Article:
“This includes changing how work is done to become a more efficient retailer and one that is capable of delivering an even better customer experience than we do today. In saying this, we will be implementing the transformation program on the back of substantial over-trading throughout the past year,” she said.
“Our consistent new waterline means we are trading at levels that would be typical of the four to five weeks around Christmas and this has been going for 14 months straight. This brings its own challenges, including ensuring the team has sufficient holidays.”
“Our number one priority is looking after the team because they are the ones looking after the customers. The backdrop of how flat-out things are at the moment is top of mind for me. I think me being an internal appointment and really well-known within the co-operative has meant that I am truly delivering stability to the team. We also understand that the transformation program is now being run on the backdrop of continuing to run a great retail business,” Andrea said.
For now, Mitre 10 New Zealand will continue to deliver on several strategic projects, including improved customer programs and improved team engagement programs.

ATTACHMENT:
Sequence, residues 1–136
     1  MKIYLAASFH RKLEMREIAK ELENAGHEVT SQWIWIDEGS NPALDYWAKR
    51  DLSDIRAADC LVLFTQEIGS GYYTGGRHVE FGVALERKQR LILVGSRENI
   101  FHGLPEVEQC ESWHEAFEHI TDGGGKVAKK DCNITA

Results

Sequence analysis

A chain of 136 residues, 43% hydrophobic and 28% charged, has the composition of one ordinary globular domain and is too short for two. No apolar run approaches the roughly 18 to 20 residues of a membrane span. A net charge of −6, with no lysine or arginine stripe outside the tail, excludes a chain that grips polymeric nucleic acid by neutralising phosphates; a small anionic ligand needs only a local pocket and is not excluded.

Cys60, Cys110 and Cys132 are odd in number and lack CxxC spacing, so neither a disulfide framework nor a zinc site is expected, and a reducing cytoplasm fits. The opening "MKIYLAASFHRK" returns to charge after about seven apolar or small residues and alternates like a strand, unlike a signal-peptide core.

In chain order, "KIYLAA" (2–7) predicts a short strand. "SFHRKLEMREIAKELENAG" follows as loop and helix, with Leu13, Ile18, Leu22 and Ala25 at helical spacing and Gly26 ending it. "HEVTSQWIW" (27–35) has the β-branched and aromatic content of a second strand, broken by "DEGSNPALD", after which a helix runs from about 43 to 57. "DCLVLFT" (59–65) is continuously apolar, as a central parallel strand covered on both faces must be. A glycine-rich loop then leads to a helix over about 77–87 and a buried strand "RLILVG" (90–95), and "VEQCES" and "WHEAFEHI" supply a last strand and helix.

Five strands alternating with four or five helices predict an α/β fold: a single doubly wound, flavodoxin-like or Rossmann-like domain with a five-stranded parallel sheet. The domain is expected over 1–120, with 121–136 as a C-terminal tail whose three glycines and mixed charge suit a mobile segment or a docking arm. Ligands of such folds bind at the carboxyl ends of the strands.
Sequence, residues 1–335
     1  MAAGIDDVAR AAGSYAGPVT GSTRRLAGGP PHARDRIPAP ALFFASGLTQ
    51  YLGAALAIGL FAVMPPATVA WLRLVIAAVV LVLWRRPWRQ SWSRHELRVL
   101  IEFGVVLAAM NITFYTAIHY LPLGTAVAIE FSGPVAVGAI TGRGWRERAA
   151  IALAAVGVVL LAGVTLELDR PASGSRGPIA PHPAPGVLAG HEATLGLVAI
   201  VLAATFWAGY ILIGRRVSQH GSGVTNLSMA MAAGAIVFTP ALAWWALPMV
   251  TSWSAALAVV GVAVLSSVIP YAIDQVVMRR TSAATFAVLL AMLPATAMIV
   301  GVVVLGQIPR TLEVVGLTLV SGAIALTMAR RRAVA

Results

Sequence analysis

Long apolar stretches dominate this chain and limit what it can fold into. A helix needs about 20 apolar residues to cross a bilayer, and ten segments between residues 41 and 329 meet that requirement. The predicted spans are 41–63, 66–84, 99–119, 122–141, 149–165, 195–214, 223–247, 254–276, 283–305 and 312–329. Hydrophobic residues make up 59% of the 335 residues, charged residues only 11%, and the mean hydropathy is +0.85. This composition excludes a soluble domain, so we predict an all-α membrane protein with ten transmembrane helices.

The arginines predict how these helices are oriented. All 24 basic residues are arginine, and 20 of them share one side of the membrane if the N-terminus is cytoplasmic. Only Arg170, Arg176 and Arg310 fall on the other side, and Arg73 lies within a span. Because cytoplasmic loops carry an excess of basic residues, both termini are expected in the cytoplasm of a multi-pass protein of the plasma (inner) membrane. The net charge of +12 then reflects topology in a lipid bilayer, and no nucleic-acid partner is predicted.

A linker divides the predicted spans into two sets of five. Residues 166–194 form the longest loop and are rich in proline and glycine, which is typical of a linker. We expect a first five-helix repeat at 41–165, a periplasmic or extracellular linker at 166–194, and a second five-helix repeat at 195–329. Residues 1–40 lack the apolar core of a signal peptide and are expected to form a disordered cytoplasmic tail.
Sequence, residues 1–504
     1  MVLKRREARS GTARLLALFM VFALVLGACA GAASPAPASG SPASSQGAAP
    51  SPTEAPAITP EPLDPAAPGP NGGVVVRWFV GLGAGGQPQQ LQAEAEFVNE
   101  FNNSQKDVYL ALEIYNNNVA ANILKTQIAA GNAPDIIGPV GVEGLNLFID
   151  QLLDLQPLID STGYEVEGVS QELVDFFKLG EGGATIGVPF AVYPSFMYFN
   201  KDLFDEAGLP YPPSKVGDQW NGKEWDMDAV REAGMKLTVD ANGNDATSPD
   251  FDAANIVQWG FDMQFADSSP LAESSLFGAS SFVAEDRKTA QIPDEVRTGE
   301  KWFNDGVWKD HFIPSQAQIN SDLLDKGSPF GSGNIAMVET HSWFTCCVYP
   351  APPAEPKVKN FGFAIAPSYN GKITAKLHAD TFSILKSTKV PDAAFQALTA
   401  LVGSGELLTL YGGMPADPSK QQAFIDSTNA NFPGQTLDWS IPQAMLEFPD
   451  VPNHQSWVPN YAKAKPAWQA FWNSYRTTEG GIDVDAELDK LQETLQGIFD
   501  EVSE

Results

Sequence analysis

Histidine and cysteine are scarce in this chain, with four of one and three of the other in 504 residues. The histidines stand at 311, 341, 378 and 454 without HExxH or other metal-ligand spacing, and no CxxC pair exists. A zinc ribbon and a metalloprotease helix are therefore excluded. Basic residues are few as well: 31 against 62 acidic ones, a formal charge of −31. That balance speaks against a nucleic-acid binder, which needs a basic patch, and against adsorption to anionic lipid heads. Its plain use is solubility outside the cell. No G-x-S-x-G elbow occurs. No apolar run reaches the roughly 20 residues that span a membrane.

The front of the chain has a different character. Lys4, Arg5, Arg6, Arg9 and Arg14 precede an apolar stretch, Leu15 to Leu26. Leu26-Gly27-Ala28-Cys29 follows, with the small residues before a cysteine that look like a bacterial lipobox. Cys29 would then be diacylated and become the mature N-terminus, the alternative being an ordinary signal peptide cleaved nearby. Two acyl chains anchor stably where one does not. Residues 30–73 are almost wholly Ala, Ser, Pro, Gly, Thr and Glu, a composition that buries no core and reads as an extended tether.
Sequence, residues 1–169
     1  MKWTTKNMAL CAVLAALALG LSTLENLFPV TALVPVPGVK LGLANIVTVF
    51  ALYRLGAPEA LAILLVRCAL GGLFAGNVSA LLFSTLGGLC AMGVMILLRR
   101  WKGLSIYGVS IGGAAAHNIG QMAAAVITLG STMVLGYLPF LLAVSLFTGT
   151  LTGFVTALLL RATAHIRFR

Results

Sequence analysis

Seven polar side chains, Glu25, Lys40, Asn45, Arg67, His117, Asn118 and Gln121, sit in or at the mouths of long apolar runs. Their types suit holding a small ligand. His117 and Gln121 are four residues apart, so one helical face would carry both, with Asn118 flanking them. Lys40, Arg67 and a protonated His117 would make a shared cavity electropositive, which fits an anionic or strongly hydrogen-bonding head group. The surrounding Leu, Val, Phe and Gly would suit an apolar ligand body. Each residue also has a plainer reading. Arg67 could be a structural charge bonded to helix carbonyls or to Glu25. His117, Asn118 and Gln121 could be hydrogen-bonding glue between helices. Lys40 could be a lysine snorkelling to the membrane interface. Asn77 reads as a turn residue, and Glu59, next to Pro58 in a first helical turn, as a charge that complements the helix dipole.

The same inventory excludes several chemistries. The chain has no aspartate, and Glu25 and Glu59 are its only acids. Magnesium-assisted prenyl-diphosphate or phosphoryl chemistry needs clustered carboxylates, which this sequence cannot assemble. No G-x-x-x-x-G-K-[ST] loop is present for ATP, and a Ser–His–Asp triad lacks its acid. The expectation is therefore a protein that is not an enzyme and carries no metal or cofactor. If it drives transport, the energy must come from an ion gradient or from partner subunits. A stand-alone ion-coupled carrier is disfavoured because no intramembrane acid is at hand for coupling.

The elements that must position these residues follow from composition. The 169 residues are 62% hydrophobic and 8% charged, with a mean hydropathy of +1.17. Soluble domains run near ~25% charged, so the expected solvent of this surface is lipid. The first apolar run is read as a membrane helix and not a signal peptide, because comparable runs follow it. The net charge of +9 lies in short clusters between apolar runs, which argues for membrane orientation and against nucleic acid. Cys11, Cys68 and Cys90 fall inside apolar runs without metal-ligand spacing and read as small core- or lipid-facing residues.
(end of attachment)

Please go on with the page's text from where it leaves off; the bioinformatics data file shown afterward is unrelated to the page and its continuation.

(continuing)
“The group is currently launching a brand-new customer feedback program, as well as a major new brand campaign that kicks off in July. We have also have developed mindset training for everyone involved in the transformation program and we are looking at the store of the future and evolving the store footprint,” she said.
“We are in the thick of omni-channel retailing and that true online to offline customer journey. This means continuing to deliver initiatives in this space such as Click ‘n’ Collect lockers, in-bay digital displays in our paint colour centres, and implementing ways to connect those channels to customers just to remove any friction.”
“The group has implemented a good strategic road map that is endorsed by our board and our membership. Anything I now bring to the role is a build-on rather than a fundamental change. In terms of strategic areas, it is about cracking on with what already is in place,” Andrea said.